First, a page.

Collins’ Guidelines for creating Catalytic Mechanisms

  • Don't just add, remove:: Instead of adding new initiatives, new systems, new strategies and new priorities, taking something away can be as catalytic. HP started realizing its BHAG, when it removed its “buy internal” rule ie. HP’s started allowing their divisions to buy their components from outside competitors rather than only from HP’s circuit division. Faced with competition, the circuit division’s performance increase dramatically.

  • Create, don't copy: The best catalytic mechanisms for your organization will be the ones that are idiosyncratic adaptations for your organization’s unique situation and not those you copy exactly.

  • Make use of money, but not only money: Research shows that only about half of catalytic mechanisms use money. The effectiveness of Nucor’s catalytic mechanisms lies not only in the weekly bonuses earned but also in the peer pressure and the desire to not let teammates down.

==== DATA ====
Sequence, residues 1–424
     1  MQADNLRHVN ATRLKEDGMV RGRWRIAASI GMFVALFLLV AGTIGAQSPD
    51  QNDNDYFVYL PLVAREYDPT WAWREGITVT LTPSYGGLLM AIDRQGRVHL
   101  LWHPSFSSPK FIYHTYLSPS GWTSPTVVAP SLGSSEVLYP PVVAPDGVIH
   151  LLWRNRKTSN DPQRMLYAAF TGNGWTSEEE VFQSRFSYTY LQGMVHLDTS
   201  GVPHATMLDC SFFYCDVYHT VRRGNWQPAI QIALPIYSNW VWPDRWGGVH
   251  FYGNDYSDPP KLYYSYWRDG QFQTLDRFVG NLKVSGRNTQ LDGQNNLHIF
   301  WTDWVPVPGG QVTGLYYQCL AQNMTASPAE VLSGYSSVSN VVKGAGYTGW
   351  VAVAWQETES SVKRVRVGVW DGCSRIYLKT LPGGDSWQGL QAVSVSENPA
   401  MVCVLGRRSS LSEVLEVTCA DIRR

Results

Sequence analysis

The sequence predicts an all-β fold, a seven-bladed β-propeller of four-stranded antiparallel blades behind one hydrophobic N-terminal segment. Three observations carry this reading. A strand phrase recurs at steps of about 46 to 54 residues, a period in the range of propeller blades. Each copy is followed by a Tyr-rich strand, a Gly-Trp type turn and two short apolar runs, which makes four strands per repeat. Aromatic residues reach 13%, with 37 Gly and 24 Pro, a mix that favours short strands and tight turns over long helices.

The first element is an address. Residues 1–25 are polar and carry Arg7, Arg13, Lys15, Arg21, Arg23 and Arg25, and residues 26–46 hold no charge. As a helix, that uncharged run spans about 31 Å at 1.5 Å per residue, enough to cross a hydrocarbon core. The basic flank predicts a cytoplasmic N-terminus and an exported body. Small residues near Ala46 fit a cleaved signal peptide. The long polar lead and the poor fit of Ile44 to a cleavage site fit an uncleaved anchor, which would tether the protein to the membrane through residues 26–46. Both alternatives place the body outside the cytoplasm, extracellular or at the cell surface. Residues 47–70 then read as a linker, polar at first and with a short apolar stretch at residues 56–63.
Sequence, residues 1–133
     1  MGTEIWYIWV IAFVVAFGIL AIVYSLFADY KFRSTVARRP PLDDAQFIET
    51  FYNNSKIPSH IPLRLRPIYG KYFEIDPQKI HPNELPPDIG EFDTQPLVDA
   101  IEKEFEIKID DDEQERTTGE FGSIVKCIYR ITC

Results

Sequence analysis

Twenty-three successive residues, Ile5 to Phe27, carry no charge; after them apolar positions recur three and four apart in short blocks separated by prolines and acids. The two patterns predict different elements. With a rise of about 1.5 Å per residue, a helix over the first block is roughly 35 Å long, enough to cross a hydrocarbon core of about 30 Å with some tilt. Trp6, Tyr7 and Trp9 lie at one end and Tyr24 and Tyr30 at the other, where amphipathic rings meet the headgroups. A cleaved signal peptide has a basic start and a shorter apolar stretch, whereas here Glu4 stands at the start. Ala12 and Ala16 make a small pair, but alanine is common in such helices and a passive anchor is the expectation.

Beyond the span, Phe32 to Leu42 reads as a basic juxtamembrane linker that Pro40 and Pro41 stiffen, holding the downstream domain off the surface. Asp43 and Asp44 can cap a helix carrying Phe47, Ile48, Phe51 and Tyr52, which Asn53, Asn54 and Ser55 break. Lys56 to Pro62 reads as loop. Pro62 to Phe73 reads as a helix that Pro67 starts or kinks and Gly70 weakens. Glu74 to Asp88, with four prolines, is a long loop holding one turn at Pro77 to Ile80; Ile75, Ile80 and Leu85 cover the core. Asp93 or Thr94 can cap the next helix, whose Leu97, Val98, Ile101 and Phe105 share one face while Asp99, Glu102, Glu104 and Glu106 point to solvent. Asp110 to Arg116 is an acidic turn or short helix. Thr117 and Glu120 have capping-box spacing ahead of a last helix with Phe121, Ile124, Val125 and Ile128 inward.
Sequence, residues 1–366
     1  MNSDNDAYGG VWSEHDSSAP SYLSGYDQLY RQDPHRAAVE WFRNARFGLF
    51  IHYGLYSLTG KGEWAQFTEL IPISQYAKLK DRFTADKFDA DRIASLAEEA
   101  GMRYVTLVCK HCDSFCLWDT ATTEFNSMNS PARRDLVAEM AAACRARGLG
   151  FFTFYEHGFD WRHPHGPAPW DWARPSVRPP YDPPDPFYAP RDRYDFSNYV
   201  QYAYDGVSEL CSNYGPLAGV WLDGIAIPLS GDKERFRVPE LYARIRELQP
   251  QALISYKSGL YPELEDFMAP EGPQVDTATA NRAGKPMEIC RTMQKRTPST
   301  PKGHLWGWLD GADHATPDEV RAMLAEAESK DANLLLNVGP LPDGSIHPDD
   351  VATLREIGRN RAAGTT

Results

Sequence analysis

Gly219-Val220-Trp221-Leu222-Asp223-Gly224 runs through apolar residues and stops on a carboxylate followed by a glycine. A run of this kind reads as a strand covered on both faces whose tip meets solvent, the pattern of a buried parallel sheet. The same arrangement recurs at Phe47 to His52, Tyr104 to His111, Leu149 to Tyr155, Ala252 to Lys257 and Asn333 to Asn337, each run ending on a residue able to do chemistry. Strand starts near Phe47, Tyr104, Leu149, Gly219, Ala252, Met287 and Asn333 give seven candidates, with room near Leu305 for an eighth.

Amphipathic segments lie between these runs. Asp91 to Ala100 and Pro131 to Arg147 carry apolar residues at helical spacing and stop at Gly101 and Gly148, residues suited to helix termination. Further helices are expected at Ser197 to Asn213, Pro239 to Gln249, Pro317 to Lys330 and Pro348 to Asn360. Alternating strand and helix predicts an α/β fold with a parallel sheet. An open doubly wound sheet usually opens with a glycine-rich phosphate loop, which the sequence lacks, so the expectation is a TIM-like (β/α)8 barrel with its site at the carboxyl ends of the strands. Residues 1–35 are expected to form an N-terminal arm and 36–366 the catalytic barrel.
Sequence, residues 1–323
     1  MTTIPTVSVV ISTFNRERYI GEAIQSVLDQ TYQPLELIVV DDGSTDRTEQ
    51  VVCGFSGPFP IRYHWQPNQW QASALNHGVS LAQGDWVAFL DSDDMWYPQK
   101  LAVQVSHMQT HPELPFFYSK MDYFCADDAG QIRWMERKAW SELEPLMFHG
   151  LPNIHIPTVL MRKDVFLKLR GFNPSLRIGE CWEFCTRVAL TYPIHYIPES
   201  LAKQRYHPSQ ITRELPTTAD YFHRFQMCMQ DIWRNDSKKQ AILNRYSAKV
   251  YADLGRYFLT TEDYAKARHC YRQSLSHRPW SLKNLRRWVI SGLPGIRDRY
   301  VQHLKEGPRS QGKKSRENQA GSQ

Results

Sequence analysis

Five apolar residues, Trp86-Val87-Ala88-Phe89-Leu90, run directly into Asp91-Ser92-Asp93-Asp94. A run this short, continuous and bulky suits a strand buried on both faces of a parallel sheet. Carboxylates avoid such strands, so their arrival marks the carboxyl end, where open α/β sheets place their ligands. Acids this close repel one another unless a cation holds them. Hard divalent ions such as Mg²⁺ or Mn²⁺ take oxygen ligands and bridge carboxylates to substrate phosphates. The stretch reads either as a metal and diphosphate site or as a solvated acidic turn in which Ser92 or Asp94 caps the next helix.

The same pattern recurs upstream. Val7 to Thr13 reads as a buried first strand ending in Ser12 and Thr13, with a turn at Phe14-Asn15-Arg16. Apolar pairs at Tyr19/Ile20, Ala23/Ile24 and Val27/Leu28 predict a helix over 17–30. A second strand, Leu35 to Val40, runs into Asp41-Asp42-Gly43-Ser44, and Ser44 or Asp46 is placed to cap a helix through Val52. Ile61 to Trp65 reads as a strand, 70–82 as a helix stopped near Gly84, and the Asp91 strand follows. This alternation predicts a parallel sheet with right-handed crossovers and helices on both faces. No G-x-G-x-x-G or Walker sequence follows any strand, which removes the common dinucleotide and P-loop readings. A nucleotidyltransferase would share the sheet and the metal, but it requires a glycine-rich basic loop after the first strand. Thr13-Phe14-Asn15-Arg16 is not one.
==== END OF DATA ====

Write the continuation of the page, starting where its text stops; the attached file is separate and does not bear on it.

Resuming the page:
• Allow your mechanisms to evolve: New catalytic mechanisms may produce unintended negative consequences which need to be corrected. Over time catalytic mechanisms tend to lose their strength. Reinforce them. In the 1990s, worried that fewer people were using the 15% mechanism than in previous decades, 3M put together a task force to reinvent it, bolstering it with special recognition rewards for those who used their 15% of time to create profitable innovations.